Bloody Bill Anderson: The Short, Savage Life of a Civil War Guerrilla

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University Press of Kansas, 1998 - Biography & Autobiography - 170 pages
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Nowhere was the Civil War as savage as it was in Missouri—and nowhere did it produce a killer more savage than William Anderson. For a brief but dramatic period, "Bloody Bill" played the leading role in the most violent arena of the entire war—and did so with a vicious abandon that spread fear throughout the land.

A name associated with William Quantrill and Jesse James, Bloody Bill Anderson was known for never taking prisoners. A former horse thief turned bushwhacker, he became the scourge of Kansas and Missouri with a reputation for unspeakable atrocities. Sometimes he left the bodies of dead Federal soldiers scalped, skinned, and castrated. Sometimes he decapitated them and rearranged their heads. Wherever Bloody Bill rode, the Grim Reaper rode alongside.

In telling this story of bitter bloodshed, historians Castel and Goodrich track Bloody Bill's reign of terror over increasingly violent raids. He rode with Quantrill in the infamous sack of Lawrence and killed more victims than any other raider. Then he led the brutal Centralia Massacre, a blood-soaked nightmare recounted here hour-by-hour from firsthand accounts.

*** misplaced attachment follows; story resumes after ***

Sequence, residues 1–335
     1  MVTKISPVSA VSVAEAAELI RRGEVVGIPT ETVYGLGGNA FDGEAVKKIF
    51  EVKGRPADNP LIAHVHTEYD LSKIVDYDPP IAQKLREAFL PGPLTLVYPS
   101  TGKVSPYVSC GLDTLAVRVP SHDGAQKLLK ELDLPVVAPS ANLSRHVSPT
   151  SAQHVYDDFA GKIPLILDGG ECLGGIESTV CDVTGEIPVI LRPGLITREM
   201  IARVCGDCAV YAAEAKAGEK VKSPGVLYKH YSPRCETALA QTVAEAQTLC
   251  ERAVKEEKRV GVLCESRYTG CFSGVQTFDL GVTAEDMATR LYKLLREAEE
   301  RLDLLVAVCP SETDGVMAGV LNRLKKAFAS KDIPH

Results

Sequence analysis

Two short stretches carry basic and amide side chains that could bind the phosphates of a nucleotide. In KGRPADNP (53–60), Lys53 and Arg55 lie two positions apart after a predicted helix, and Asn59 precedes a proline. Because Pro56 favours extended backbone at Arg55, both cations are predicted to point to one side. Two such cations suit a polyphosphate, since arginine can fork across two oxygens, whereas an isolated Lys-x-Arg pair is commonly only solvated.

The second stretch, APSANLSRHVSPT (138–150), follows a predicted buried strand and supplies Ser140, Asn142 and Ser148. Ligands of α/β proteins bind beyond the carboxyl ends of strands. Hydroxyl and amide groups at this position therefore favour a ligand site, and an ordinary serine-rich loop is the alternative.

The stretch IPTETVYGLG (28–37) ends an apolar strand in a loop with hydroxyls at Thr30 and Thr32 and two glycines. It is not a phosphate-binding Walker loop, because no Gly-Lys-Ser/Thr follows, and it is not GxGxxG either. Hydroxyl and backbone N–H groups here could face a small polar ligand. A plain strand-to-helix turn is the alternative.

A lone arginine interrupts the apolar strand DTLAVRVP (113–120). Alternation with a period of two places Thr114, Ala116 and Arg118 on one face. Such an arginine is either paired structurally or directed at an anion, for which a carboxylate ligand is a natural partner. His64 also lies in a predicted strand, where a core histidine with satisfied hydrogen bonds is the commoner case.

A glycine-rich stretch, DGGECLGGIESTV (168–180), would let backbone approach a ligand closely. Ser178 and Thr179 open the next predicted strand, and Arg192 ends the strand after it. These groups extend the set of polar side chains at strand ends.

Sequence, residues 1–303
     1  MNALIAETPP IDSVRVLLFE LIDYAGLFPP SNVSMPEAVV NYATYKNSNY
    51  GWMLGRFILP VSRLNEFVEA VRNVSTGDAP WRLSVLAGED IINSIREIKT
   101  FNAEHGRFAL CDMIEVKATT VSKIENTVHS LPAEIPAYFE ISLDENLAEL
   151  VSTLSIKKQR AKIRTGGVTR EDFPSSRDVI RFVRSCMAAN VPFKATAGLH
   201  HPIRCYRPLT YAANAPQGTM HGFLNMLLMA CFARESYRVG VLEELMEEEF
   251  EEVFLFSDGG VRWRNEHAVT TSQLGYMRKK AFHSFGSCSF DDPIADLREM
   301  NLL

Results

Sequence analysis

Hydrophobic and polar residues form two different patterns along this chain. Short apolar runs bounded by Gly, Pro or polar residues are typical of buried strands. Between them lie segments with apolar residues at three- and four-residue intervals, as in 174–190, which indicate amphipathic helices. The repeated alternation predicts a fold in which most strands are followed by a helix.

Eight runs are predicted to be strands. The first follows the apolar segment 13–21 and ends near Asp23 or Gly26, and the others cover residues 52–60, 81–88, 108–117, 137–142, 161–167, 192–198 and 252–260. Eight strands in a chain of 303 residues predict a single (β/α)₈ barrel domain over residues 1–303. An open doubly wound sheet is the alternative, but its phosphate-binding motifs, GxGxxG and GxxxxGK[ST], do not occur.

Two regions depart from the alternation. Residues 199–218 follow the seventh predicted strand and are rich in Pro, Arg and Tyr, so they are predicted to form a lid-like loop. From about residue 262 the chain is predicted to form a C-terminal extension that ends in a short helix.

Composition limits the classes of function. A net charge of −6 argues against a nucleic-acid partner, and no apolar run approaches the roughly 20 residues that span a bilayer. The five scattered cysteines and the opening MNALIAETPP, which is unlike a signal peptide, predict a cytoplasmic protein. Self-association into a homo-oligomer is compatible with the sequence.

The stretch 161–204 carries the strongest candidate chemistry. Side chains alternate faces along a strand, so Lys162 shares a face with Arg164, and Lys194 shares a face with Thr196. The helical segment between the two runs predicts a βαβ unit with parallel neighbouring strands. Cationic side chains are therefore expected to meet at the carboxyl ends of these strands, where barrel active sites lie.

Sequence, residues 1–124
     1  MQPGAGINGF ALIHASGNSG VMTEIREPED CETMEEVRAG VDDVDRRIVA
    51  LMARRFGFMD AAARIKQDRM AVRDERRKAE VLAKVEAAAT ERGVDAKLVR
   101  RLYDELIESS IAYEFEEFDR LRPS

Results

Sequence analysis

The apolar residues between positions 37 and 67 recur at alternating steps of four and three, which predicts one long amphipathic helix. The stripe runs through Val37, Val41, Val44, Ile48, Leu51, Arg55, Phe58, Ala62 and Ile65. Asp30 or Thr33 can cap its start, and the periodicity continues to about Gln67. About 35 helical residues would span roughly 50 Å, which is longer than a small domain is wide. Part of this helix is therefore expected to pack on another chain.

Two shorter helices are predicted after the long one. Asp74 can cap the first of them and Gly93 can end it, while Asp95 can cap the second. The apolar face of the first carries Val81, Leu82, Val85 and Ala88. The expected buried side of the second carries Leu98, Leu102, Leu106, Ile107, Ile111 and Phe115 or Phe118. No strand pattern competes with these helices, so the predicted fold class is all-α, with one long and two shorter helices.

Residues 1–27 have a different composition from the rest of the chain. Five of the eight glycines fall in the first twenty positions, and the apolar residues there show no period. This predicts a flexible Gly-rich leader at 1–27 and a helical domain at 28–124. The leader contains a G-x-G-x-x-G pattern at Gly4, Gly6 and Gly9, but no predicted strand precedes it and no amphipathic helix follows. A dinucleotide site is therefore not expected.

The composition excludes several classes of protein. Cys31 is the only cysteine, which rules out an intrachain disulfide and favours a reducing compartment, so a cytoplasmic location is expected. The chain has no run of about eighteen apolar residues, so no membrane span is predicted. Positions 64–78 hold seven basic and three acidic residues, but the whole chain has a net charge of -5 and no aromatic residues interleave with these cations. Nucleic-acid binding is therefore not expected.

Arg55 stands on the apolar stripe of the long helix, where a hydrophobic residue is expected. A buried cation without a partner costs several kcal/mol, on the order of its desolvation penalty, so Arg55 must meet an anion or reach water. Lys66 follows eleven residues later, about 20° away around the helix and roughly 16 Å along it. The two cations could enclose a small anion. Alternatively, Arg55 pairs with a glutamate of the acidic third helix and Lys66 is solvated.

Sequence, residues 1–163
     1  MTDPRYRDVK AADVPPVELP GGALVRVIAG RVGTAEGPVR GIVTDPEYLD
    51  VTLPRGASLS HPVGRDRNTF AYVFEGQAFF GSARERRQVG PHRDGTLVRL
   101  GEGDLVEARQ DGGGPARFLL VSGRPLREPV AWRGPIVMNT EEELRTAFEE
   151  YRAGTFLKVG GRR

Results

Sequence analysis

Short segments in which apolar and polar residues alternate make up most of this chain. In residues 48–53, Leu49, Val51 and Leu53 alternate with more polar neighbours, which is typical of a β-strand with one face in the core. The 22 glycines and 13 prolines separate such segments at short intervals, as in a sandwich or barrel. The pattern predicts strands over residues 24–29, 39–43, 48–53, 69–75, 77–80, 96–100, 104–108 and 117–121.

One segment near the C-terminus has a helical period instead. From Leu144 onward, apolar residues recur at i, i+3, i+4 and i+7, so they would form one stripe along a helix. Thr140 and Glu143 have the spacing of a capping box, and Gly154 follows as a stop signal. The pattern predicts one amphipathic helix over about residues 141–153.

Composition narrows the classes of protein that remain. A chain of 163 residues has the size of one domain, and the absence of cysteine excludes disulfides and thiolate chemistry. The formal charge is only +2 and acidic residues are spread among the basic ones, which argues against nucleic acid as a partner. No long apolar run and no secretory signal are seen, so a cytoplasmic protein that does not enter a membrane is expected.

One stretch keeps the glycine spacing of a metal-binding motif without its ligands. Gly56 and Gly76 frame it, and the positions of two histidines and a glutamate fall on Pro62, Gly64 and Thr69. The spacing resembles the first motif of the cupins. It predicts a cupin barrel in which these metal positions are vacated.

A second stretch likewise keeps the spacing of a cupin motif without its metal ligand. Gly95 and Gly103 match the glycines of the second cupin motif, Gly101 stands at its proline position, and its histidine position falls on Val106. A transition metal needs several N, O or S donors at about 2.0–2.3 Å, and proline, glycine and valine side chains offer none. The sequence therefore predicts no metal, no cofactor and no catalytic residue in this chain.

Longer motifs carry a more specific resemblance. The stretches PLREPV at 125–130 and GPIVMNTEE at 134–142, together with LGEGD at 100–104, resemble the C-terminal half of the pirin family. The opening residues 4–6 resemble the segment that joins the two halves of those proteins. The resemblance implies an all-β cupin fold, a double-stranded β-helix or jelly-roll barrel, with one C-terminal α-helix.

More than compiling a chronicle of horrors, Castel and Goodrich have produced the first full-fledged account of Anderson's career. They examine his prewar life, explain how he became a guerrilla, then describe the war that he and his men waged against Union soldiers and defenseless civilians alike. The authors' disagreements on many aspects of Anderson's gruesome career add a fascinating dimension to the book.

Only 26 when he was killed charging an ambush, Bloody Bill Anderson had already become a legend. This book takes readers behind the legend and provides a closer look at the man—and at the face of terror.



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LibraryThing Review

User Review  - mpolino - LibraryThing

If you've ever seen "The Outlaw Josie Wales' you have the backdrop of Bloody Bill Anderson. What I was hoping for was a bit more narrative and lot less historical dissertation. The authors went for so much precision that they killed the story. Read full review

LibraryThing Review

User Review  - lchav52 - LibraryThing

The internecine strife of the War of Northern Aggression was nowhere more savage than in Missouri and Kansas, where Redlegs and Bushwhackers murdered each other long before war broke out elsewhere ... Read full review

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About the author (1998)

Albert Castel is one of the most respected and prolific scholars in the Civil War community. He has won several prizes for his work, most notably the 1993 Lincoln Prize.

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